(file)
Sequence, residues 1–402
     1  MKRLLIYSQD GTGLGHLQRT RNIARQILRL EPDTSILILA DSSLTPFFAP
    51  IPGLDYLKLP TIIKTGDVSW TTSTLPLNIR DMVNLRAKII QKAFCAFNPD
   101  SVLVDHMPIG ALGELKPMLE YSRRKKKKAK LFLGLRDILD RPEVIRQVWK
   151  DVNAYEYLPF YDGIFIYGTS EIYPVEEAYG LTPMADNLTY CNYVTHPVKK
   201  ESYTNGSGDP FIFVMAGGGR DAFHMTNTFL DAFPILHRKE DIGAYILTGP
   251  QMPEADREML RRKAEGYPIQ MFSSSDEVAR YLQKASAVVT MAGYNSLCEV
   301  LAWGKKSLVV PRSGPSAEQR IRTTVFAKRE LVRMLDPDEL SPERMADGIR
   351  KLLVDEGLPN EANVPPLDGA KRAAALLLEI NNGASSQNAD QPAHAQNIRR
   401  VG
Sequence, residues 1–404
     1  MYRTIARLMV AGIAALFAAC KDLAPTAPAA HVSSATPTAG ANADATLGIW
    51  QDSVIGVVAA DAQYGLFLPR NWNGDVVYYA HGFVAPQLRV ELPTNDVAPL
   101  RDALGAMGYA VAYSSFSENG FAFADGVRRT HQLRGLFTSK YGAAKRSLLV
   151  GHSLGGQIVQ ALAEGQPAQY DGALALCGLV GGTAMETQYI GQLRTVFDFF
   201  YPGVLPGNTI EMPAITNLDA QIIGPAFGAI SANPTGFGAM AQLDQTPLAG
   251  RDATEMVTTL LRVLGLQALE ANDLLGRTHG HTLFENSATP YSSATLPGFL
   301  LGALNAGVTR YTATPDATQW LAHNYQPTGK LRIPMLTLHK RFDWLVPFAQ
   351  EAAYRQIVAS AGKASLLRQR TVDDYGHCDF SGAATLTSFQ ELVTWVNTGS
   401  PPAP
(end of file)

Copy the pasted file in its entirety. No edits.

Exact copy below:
Sequence, residues 1–402
     1  MKRLLIYSQD GTGLGHLQRT RNIARQILRL EPDTSILILA DSSLTPFFAP
    51  IPGLDYLKLP TIIKTGDVSW TTSTLPLNIR DMVNLRAKII QKAFCAFNPD
   101  SVLVDHMPIG ALGELKPMLE YSRRKKKKAK LFLGLRDILD RPEVIRQVWK
   151  DVNAYEYLPF YDGIFIYGTS EIYPVEEAYG LTPMADNLTY CNYVTHPVKK
   201  ESYTNGSGDP FIFVMAGGGR DAFHMTNTFL DAFPILHRKE DIGAYILTGP
   251  QMPEADREML RRKAEGYPIQ MFSSSDEVAR YLQKASAVVT MAGYNSLCEV
   301  LAWGKKSLVV PRSGPSAEQR IRTTVFAKRE LVRMLDPDEL SPERMADGIR
   351  KLLVDEGLPN EANVPPLDGA KRAAALLLEI NNGASSQNAD QPAHAQNIRR
   401  VG
Sequence, residues 1–404
     1  MYRTIARLMV AGIAALFAAC KDLAPTAPAA HVSSATPTAG ANADATLGIW
    51  QDSVIGVVAA DAQYGLFLPR NWNGDVVYYA HGFVAPQLRV ELPTNDVAPL
   101  RDALGAMGYA VAYSSFSENG FAFADGVRRT HQLRGLFTSK YGAAKRSLLV
   151  GHSLGGQIVQ ALAEGQPAQY DGALALCGLV GGTAMETQYI GQLRTVFDFF
   201  YPGVLPGNTI EMPAITNLDA QIIGPAFGAI SANPTGFGAM AQLDQTPLAG
   251  RDATEMVTTL LRVLGLQALE ANDLLGRTHG HTLFENSATP YSSATLPGFL
   301  LGALNAGVTR YTATPDATQW LAHNYQPTGK LRIPMLTLHK RFDWLVPFAQ
   351  EAAYRQIVAS AGKASLLRQR TVDDYGHCDF SGAATLTSFQ ELVTWVNTGS
   401  PPAP